And this is where things started to get rough.

As a result, the bank’s customers began withdrawing their deposits, which gradually led to the bank selling its assets to meet the withdrawal requests.

Since Silicon Valley Bank’s customers were mostly businesses and wealthy individuals, they likely had more significant concerns about a bank failure, given that their deposits were over the government-imposed deposit insurance limit of $250,000.

The bank’s losses, primarily from selling bonds at a loss, eventually led to insolvency, prompting it to seek additional capital from outside investors. Unfortunately, Silicon Valley Bank was unable to find them, leading to regulators seizing its assets to protect the remaining assets and deposits at the bank.

Announced the Shocking News

On Wednesday, March 8th, Silicon Valley Bank dropped a bombshell announcement that shook the financial world.

The disclosure revealed that the company had sold a significant amount of securities at a loss and would be raising $2.25 billion through the issuance of new shares to bolster its balance sheet.

This news prompted a ripple effect of panic among influential venture capital firms, who allegedly advised their portfolio companies to withdraw their funds from the bank.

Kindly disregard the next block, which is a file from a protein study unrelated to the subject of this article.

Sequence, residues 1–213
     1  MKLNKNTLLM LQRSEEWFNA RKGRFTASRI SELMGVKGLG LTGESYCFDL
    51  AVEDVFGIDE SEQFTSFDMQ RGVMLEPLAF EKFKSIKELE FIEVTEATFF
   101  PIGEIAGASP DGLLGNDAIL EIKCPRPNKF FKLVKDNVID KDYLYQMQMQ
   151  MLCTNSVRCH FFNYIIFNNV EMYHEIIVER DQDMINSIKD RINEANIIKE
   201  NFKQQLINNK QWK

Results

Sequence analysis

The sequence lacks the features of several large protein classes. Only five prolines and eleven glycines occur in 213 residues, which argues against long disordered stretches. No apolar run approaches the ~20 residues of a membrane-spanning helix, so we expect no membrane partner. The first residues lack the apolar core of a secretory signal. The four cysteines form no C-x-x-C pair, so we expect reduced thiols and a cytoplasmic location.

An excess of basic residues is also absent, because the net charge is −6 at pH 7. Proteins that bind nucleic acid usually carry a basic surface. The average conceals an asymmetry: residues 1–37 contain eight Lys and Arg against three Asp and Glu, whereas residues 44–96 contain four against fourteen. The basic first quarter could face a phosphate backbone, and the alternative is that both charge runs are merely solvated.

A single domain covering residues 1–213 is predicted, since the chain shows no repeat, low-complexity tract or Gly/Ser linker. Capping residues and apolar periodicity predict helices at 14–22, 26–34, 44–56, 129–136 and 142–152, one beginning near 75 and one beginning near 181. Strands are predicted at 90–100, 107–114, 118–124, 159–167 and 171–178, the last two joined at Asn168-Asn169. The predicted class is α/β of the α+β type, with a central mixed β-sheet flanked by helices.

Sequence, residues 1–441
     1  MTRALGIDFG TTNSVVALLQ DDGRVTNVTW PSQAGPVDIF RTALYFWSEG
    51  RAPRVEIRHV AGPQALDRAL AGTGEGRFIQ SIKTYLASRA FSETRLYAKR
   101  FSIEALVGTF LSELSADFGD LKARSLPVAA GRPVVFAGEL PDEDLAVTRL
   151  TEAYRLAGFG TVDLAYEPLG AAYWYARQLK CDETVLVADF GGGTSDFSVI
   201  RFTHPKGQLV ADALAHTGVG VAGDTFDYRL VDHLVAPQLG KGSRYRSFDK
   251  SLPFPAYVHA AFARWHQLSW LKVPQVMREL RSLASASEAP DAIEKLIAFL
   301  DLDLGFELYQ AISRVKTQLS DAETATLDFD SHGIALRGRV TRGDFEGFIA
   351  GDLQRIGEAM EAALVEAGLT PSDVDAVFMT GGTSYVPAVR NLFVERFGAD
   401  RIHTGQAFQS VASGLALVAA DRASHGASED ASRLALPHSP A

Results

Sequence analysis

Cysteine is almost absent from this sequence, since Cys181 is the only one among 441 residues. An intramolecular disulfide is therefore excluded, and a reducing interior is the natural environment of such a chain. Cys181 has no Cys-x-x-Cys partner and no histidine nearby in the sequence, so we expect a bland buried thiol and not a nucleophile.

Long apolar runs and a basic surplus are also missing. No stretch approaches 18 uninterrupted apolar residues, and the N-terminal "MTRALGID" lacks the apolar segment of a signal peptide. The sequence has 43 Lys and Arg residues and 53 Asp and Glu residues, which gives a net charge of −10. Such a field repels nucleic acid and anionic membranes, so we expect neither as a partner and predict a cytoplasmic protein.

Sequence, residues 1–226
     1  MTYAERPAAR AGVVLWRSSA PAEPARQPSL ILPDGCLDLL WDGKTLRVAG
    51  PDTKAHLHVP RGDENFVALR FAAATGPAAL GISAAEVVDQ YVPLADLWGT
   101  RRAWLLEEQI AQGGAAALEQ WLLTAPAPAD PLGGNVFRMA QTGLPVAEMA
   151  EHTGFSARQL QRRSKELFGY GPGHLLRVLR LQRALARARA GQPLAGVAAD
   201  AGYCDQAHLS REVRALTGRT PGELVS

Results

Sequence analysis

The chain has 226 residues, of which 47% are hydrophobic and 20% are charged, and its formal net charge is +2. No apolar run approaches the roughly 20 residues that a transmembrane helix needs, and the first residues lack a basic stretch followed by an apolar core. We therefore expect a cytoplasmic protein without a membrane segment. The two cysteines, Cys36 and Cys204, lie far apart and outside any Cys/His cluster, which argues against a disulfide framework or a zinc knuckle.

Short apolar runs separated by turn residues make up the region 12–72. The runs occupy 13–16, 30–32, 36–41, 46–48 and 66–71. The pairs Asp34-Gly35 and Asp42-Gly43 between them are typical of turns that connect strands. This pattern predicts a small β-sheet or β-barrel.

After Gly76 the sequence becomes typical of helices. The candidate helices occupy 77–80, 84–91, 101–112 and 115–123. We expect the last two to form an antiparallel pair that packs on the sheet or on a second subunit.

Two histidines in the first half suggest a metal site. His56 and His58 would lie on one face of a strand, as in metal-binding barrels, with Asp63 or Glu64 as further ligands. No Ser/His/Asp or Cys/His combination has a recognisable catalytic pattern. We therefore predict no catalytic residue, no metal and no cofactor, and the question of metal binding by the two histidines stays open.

As a result, the bank’s stability and reputation have taken a significant hit in the eyes of its clients and investors alike.

Massive Share Price Plunged

On Thursday, Silicon Valley Bank’s share price dropped 60%, wiping out $9.5 billion in market value.

Bank’s shares had been suspended, and the company had given up on its previous attempts to rapidly raise capital or find a potential buyer.

This sudden turn of events also led to the temporary halt of trading for other banking giants, such as First Republic, PacWest Bancorp, and Signature Bank, further compounding the uncertainty and instability in the financial market.

FDIC Took Control